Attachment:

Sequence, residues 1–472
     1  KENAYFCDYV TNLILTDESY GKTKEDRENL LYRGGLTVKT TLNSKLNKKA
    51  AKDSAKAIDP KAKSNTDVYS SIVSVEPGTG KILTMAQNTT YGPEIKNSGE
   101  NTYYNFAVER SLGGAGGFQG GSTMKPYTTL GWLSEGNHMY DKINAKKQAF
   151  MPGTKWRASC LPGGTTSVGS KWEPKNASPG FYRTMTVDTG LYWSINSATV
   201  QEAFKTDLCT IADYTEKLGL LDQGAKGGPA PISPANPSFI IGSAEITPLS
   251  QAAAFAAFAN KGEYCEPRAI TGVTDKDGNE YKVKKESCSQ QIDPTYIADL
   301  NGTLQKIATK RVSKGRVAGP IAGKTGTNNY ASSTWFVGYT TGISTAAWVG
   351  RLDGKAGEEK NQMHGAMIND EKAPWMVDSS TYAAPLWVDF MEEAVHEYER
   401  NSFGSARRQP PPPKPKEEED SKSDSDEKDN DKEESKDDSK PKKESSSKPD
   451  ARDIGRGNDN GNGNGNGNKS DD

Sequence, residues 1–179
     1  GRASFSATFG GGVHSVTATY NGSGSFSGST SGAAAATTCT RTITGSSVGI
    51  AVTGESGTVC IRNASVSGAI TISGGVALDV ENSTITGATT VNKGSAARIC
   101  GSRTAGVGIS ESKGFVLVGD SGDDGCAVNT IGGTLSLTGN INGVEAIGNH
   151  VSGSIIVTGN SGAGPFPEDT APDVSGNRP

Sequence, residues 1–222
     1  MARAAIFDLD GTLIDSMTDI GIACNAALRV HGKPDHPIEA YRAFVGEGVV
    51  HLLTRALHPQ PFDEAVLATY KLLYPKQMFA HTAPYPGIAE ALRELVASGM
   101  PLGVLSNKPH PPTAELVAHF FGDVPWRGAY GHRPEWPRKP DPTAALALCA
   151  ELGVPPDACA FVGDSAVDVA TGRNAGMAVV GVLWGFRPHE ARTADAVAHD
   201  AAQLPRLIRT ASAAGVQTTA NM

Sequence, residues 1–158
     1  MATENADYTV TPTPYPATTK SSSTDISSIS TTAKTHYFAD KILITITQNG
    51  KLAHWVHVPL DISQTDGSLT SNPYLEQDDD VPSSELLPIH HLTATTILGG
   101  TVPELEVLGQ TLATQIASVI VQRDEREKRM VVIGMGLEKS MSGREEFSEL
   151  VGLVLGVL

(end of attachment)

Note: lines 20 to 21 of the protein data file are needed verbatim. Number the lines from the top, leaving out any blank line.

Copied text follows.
   101  PLGVLSNKPH PPTAELVAHF FGDVPWRGAY GHRPEWPRKP DPTAALALCA
   151  ELGVPPDACA FVGDSAVDVA TGRNAGMAVV GVLWGFRPHE ARTADAVAHD